According to Transport Canada Civil Aviation (TCCA), flying drones is legal in Canada. But, there are various nuances to be aware of before you set flight in this beautiful country.
Are drone laws in Canada more lenient compared to the United States? Can you really fly your drone over people? And are Part 107 pilots legally allowed to fly drones in Canada?
We answer these and many more question in this comprehensive guide. So, let’s start with the basics.
Yes. You need a drone license to fly a drone in Canada. There are two kinds of drone licenses: Basic and Advanced.
You must be at least 14 years old to take the basic exam. To get your Basic drone license or certificate:
1. Complete an Online Exam: The Basic exam consists of 35 multiple choice questions. You have 90 minutes to complete the exam. You need to answer 23 questions correctly to pass this exam.
You must be at least 16 years old to take the Advanced exam. To get your Advanced drone license or Certificate:
1. Complete an Online Exam: The Advanced exam consists of 50 multiple choice questions. You will get 60 minutes to complete this exam. You need to answer 40 or more questions correctly to pass this exam.
2. Complete a Flight Review: A flight reviewer who is associated with a drone school will assess your ability to safely fly your drone. If you clear your test, you will receive an email confirmation within 24 hours. However, if you fail, you can retake the test. There are no limits on the number of times you can take the test.
You will need an Advanced Certificate if you wish to fly in controlled/restricted airspace or over people. Restricted airspace can be either permanent or temporary. You will encounter permanent restrictions over the PM’s house in Ottawa, Ontario for instance. Whereas, you might find a temporary restriction around a forest fire.
• Maintain Visual Line of Sight
• Fly Below 400 Feet
• Maintain a Minimum Horizontal Distance of 30 metres or roughly 100 feet from people if you have a basic certificate
• Away from emergency operations and advertised events
• Avoid forest fires, outdoor concerts and parades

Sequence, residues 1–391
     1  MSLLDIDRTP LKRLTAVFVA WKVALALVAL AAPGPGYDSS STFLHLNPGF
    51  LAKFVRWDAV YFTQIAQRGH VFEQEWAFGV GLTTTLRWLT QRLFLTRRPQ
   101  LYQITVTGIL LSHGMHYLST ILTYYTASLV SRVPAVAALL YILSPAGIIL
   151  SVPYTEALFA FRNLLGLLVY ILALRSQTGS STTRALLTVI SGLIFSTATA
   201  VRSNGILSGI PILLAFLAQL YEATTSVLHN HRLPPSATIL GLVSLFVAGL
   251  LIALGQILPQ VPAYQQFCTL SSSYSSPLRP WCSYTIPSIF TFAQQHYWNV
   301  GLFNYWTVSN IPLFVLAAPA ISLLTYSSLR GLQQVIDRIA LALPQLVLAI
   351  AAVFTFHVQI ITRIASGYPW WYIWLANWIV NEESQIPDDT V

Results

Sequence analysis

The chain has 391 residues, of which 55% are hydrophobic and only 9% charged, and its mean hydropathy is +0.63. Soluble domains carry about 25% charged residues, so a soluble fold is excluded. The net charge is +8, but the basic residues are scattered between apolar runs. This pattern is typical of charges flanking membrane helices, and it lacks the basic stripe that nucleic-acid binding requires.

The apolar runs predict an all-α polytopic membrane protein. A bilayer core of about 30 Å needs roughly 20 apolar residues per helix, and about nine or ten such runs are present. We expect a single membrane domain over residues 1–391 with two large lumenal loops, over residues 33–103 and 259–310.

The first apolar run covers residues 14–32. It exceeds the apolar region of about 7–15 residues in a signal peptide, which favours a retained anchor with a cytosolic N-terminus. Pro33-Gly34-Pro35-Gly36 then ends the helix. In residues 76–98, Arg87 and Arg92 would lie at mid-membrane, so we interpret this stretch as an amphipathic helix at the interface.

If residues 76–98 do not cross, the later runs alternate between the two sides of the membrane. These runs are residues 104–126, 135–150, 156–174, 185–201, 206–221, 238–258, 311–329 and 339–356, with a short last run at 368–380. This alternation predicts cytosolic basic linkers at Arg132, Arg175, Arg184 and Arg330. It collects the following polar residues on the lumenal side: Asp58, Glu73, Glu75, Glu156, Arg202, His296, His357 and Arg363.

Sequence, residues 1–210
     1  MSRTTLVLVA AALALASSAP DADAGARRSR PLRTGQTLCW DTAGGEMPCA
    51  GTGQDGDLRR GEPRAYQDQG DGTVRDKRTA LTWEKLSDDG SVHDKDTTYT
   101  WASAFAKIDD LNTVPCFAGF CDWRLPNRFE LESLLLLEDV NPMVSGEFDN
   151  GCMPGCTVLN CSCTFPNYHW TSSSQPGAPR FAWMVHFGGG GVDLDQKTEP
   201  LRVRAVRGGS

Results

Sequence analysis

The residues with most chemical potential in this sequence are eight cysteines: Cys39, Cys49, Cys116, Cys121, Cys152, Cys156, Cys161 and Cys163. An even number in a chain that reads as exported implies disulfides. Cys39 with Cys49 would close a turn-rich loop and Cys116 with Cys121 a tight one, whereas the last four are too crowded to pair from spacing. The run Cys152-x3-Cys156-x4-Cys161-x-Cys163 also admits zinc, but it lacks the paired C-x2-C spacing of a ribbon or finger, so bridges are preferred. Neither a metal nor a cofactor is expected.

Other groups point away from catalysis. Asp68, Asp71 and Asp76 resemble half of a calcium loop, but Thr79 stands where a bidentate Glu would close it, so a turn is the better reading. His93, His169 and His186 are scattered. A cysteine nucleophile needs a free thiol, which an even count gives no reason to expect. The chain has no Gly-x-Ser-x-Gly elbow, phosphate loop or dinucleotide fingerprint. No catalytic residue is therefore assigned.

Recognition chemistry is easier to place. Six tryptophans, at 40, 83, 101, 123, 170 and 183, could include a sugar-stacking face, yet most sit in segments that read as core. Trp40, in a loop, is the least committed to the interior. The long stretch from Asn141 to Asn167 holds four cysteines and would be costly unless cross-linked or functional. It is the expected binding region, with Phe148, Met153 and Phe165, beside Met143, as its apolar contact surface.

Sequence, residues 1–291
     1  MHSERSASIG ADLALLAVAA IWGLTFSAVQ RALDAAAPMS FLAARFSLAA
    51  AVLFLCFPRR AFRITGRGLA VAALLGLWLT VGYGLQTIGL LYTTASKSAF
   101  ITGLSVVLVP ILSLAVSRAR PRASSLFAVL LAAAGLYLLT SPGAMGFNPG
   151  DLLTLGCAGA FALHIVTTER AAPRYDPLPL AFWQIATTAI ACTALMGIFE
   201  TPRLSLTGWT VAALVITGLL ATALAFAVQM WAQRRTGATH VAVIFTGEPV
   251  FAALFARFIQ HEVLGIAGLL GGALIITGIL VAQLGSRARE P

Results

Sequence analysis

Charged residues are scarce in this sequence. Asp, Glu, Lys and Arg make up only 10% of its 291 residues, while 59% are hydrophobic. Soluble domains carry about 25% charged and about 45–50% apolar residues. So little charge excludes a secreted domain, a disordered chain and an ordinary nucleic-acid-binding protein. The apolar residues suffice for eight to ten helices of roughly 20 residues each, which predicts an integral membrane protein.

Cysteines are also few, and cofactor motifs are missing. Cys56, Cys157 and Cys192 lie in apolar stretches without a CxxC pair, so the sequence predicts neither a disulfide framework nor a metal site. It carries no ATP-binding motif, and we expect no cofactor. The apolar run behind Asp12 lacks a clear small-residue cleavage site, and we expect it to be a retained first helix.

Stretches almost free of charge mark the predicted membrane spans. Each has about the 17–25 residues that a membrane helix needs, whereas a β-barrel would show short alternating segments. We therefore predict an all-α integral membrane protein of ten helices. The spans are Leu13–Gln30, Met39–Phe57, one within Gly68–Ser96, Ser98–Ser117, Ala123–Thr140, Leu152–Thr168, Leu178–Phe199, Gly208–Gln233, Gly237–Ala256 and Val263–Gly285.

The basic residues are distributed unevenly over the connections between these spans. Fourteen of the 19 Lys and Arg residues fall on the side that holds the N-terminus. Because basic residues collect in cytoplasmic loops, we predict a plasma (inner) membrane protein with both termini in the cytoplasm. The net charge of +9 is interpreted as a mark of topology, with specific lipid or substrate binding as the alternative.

• You need an advanced certificate to fly in controlled airspace or over people
You will need an advanced certificate to fly your drone over people in Canada. Additionally, you will need a drone that is eligible to fly advanced operations. You can check out the entire list of eligible drones by going here.
So, if you retrofit your DJI Mavic or Phantom with a Parazero or Indemnis parachute safety system, you can very well fly your drone over people. As per Canadian drone laws, you can fly within 5 meters or 16.4 feet of any person associated with the operation.
Yes. It is. Drone Delivery Canada Corp. managed to procure a SFOC which enables them to make drone deliveries across Canada. One of Drone Delivery Canada Corp.’s larger drone, the Robin XL can carry payloads of 25 pounds and can fly a maximum distance of 60 km. Drone deliveries with the Robin XL are expected to commence by Q2 2020.
Canada has different sets of privacy guidelines for hobby and commercial pilots. These are some important privacy guidelines for hobby or recreational pilots flying a drone in Canada:
· You are responsible for all personal information collected by your drone
· Avoid capturing personal information. So blur out faces and license plates, for example
· Obtain consent in case you have captured any personal information
You can check out the entire list of instructions here.
Commercial drone pilots flying in Canada must follow the Personal Information Protection and Electronic Documents Act (PIPEDA). However, Alberta, British Columbia or Quebec have their own set of privacy laws that drone pilots will have to abide to.
As per the Transport Canada Website, if “you are not a Canadian citizen, permanent resident of Canada or a corporation incorporated by or under the laws of Canada or a province”, you can fly a drone weighing more than 250 grams in Canada by procuring a SFOC or Special Flight Operations Certificate.
On recent ADU show, Justin Miller, Technical Team Lead, Transport Canada revealed that having a Part 107 certificate can possibly increase your chances of getting a SFOC. Canada does not differentiate between commercial and hobby pilots. So, you will need a SFOC even if you are a casual flyer planning on capturing the beautiful Canadian landscape.
Part 107 pilots do NOT need a SFOC to fly a drone weighing less than 250 grams in uncontrolled airspace Canada. So, certainly, there is considerable value in owning a DJI Mavic Mini which is classified as a “micro-drone” as per Canadian drone laws.
Contrary to popular perception, Part 107 pilots CANNOT fly a drone weighing more than 250 grams without a SFOC under a Canadian drone pilot’s supervision.
The Canadian Police is in charge of enforcement, and they may ask you to furnish your SFOC. If you fail to comply, you may be slapped with fines ranging from $3,000 to $5,000.
1. Complete the SFOC Application HERE.
2. Send the form and documents to: Remotely Piloted Aircraft Systems Centre of Expertise, 700, Leigh-Capreol Place Dorval, Quebec H4Y 1G7 OR via EMAIL
An SFOC is not a generic document but one that is customized to the applicant’s needs.
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